Bridgestone – these bicycles were imported from Japan by Bridgestone USA starting in the 1980s. Road bikes, hybrids, and mountain bikes were in the line. The same company as Bridgestone tires. Stopped USA sales in 1994.
Fuji – founded in 1899 in Japan as Nichibei Fuji. Started by importing US and English bikes. Began making their own bikes and were Japan’s most popular brand by the late 1920s.
Kabuki – brand manufactured by Bridgestone. While I mostly see low to mid-level road bikes from them, they did have some top-of-the-line models. These were imported into the US starting in the 70s. No longer an active brand.
Maruishi – hard to find info on this brand, but it may go back as far as 1884 in Japan. Made their own bikes and also produced some Nashbar bikes.
Miyata – founded in 1890. Exported lots of bikes to the US during the 70s and 80s. They made bikes for several other brands including Nishiki, Fuji, Centurion, Lotus, Univega, and Bridgestone. Panasonic became a large shareholder in Miyata in 1959. Brand is no longer sold in the USA, but still exists.
Panasonic/National – known as National in Japan, Panasonic became their exporting name. Company was founded in 1918 and started exporting bikes to the USA in 1971. Made bicycles for Schwinn, including the Le Tour. Pulled out of the US market in 1989. They still make bikes for the Asian market.
Sekine – company made nice bikes in Japan with the slogan “World Finest Bicycle by Sekine”. I believe the company history goes all the way back to 1912. Bikes were good quality and in 1973 they started making them in Canada. The Canada plant closed in 1982, not sure how long Sekine in Japan lasted after that. I mostly see 70s and 80s bikes in the US.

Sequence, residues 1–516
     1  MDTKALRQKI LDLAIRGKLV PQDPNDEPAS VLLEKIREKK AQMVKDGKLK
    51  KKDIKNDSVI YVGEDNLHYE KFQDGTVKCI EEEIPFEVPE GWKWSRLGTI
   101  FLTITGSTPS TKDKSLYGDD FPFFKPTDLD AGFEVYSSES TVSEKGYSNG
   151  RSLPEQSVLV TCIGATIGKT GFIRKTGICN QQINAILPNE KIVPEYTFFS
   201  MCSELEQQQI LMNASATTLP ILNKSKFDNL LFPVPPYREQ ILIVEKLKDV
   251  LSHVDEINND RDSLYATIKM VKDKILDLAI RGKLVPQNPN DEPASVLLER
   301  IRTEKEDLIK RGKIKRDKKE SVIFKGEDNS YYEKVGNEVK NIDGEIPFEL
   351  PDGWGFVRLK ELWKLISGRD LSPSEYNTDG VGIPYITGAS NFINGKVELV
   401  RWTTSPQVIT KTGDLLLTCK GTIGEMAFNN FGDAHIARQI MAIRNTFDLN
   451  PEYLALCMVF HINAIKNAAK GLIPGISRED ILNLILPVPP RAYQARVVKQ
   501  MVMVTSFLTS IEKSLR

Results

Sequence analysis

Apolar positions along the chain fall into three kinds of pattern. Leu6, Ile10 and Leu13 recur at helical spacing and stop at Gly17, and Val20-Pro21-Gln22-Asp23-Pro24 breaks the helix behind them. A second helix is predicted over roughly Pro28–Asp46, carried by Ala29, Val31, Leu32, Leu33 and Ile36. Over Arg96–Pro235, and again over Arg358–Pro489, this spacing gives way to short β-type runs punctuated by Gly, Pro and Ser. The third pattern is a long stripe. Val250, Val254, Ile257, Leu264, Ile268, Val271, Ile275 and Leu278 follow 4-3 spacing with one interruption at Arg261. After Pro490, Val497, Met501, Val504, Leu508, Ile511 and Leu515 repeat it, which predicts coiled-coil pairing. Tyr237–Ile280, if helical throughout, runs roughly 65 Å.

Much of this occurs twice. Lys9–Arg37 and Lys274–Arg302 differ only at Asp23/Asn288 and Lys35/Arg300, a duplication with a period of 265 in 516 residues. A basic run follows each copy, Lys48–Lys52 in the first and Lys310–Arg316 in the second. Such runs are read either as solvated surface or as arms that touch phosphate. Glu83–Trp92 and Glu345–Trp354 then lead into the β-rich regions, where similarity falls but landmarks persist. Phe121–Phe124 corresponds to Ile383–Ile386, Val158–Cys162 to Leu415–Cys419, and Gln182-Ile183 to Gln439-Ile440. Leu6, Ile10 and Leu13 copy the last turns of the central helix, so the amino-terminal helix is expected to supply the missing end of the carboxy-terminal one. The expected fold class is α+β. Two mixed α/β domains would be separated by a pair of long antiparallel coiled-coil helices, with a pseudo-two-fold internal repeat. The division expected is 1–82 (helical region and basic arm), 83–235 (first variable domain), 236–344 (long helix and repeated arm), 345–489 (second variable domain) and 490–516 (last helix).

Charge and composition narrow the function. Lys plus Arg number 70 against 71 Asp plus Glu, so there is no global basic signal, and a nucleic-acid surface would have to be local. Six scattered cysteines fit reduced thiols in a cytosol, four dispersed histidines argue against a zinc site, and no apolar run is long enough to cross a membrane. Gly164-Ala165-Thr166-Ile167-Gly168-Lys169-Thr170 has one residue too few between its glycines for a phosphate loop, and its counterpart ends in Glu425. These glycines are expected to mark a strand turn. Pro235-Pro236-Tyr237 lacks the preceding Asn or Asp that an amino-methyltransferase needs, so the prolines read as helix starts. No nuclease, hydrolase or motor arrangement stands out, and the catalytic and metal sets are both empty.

Shogun – founded in 1977 in Japan.
Zebrakenko – made in Japan, the company history may go back to the early 1900s, but they didn’t show up in the USA till the mid 70s. Full line of road bikes from entry to expert. Olympic Ace was top model. Very few people seem to have heard of this company, so not much of a following or collector value. Seem to have disappeared from US market in the 80s.
Concorde – Dutch brand made really high-quality road bikes from 1982 to 1993. Founded by Manfred Krikke. Many believe their frames were Italian made.
Zeus – founded in Spain by Luis Arregui in 1926. Manufactured bicycles and components. Went out of business sometime in the early 1980s. Zeus name is owned by Orbea now.
Firenze – most sources say these were made in Taiwan and used as a giveaway item for companies in the States. Buy a tv, get a bike with it. Considered low quality and not collectible.
This list is a work in progress. This will never be a complete list of all vintage bikes, but I hope to make it a complete list of those you may run into on the market. Only counting brands/companies that had strong production by the 70s.
24 thoughts on “List of Vintage Bicycle Manufacturers and Brands”
Reblogged this on Ned Hamson's Second Line View of the News.
Never thought that much about bicycles, but this was really cool stuff. Who knew? Obviously, not me. I have a friend I think would like this, so I’ll share the link.
I was at a “block party” in a small town last summer, signing books, and every 15 minutes or so a man would ride by in one of those bikes with the HUGE front wheel and high seat. It made me smile every time. (It also made me cringe a little, because he was way up there, not wearing a helmet. Once a mom, always a mom… :/ )
I’m surprised this many manufacturers are still making 27 inch tires. Another thorough post Fab Jim, nice job.
Yes, they aren’t the top line models, but many manufacturers offer at least 1.